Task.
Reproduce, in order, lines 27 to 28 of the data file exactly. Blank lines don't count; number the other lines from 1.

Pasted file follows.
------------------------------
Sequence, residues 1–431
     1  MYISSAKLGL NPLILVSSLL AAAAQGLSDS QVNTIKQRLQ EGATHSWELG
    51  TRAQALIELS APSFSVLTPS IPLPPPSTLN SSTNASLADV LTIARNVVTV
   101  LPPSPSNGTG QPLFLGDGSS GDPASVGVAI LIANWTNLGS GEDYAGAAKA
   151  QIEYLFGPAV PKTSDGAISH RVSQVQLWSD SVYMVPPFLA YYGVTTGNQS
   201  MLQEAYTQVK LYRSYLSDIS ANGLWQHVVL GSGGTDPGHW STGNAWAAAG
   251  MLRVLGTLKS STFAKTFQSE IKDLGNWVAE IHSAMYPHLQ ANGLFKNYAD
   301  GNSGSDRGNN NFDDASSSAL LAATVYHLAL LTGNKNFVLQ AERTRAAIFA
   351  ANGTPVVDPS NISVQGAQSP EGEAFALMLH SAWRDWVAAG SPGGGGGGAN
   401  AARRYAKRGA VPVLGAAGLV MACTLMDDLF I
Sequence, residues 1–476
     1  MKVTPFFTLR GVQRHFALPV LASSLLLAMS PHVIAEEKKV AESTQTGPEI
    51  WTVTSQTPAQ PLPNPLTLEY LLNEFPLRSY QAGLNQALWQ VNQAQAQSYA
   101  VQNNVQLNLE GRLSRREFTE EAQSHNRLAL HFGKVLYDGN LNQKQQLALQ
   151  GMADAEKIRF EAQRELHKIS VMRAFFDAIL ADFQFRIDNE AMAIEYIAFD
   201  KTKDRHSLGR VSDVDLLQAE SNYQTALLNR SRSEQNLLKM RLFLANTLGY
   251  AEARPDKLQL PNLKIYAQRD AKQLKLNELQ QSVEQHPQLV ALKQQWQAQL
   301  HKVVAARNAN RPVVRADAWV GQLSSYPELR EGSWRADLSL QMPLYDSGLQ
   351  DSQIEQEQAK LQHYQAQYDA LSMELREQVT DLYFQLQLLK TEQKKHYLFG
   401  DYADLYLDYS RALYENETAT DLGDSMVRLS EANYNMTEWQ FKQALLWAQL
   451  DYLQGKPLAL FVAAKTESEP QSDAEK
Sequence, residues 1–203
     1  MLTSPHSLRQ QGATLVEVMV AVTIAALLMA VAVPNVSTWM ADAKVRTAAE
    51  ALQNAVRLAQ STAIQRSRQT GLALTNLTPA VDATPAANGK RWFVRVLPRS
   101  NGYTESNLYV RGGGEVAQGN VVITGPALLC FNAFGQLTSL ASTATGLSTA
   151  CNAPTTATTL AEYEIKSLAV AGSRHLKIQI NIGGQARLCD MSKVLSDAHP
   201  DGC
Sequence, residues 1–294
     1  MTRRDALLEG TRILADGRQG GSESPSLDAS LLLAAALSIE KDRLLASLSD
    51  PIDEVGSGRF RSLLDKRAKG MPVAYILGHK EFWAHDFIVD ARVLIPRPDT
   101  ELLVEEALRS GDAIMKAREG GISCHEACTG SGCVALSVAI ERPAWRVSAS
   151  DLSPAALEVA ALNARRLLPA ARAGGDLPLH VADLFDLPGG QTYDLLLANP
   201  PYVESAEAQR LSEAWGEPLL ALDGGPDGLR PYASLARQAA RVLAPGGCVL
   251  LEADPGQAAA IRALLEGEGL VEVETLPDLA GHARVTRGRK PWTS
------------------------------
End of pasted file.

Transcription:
   201  DGC
Sequence, residues 1–294